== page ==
Warriors Orochi 3 brings in a slew of cameos from various games, catering to fans of previous Omega Force titles. Expect to see familiar faces from Bladestorm, Warriors of Troy, and Trinity: Souls of Zill O’ll. Team Ninja even brings in a couple of guest appearances, with Ryu Hayabusa and Ayane of Ninja Gaiden fame helping to fill out the roster. Warriors Orochi 3 brings the largest roster to a single hack-and-slash title, boasting over 130 characters to pick from, most with their own play style. Unfortunately, Luffy, Kenshiro and Epyon are all missing from the pantheon of warriors. Perhaps even they were too over the top for a story that finely walks the line between supernatural alternate realities and fan service.
One of the largest annoyances to the genre as a whole is the camera. Warriors Orochi 3 is unfortunately plagued with some of the similar issues that hindered its predecessors. With a limited draw distance and enemies popping in and out at will, the camera tends to act as the biggest obstacle by swinging around in tight enclosures or even knocking officers and high value targets off screen. While enduring a couple of combo attacks from an enemy on normal mode might not seem so bad, an encounter on the higher difficulties may quickly take a turn for the worse if you can’t get away from an opponent’s grasp. Thankfully, the button to adjust the camera and the button to block are one and the same, so expect a bit of relief when you have to readjust your view.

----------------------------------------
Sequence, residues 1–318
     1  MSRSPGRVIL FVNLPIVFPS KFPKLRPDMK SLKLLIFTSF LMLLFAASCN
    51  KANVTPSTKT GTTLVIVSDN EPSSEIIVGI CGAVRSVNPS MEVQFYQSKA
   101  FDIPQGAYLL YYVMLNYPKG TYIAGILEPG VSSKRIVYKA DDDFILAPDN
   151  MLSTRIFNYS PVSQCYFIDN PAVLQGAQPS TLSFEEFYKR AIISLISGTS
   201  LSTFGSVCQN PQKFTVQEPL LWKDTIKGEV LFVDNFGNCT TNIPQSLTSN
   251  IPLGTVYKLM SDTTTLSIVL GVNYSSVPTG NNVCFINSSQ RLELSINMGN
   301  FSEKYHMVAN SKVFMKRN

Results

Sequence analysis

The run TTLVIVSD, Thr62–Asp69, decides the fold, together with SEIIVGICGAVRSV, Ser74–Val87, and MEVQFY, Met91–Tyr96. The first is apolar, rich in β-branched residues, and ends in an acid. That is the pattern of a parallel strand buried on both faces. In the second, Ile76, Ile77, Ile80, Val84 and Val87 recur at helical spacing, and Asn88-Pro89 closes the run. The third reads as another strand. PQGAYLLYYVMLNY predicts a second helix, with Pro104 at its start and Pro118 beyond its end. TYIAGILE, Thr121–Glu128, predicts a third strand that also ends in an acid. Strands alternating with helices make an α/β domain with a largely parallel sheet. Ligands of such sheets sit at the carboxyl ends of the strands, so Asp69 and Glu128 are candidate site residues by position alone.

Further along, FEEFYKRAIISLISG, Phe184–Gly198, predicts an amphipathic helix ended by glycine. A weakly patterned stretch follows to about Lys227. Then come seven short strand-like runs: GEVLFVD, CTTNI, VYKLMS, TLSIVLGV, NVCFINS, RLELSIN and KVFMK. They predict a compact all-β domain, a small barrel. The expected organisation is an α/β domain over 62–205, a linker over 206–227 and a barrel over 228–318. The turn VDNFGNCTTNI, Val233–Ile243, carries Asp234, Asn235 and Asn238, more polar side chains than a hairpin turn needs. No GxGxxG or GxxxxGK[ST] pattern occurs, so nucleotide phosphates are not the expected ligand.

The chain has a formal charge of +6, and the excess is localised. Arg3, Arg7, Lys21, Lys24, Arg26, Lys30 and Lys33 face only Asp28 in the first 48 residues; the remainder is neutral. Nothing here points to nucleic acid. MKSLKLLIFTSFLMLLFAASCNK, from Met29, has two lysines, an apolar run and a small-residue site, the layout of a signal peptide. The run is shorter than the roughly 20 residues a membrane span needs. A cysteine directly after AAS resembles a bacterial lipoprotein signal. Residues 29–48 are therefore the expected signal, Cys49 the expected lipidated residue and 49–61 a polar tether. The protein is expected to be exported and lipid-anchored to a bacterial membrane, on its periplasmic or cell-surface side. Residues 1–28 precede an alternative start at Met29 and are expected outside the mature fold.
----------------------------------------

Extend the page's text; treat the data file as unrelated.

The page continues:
For players that don’t want to take on the world by their lonesome, Warriors Orochi 3 offers plenty of multiplayer options. A second player can pop in during the preparation phase and select their own three-man squad to aid your cause. Couch co-op works as well as can be expected. Frame rates thankfully hold up well, and the draw distance mentioned earlier doesn’t look to be affected. The only problem I could see is the constant battle chatter tend to block the top part of the second player’s screen.
Online multiplayer is present and accounted for, working similar to the system brought out in Dynasty Warriors 7. Players can seek help for a specific mission and difficulty, allowing others searching at the same time to pick and choose a particular battlefield to conquer. During my time playing through Orochi 3, I only found a couple of groups playing on Chaos difficulty and both matches ended before they could even begin with a random error message shortly before disconnecting.
Players with a penchant for customization can create a “musou battlefield” to be shared with the online community. While it doesn’t allow for total customization, it does allow players to pick apart any stage from the main campaign mode and twist it around to their liking. Many options present themselves to work with, from changing the enemy troops and officers present to even changing their mid-battle monologues. Say you want to fight an army of nothing but Lu Bu? That could happen!
One unusual omission form the game is the option for an English dub. Some of the dialogue from previous Musou titles held a certain tongue-in-cheek cheesiness with the dub that seemed to mesh well with the series. Instead, Warriors Orochi 3 only offers an option for Japanese spoken dialogue. Purists will find that to be a bonus in the game’s favor, but I personally have a special place in my heart for the whining cries for benevolence and justice.
As the latest entry from Omega Force, Warriors Orochi 3 certainly stands as a solid hack-and-slash title. Fans of either the Dynasty Warriors or Samurai Warriors series will feel comfortable fitting right in with the familiar gameplay, while series newcomers might be surprised with just how much depth there is to the genre.
This review is based on the PlayStation Network version game, which we were provided for review purposes.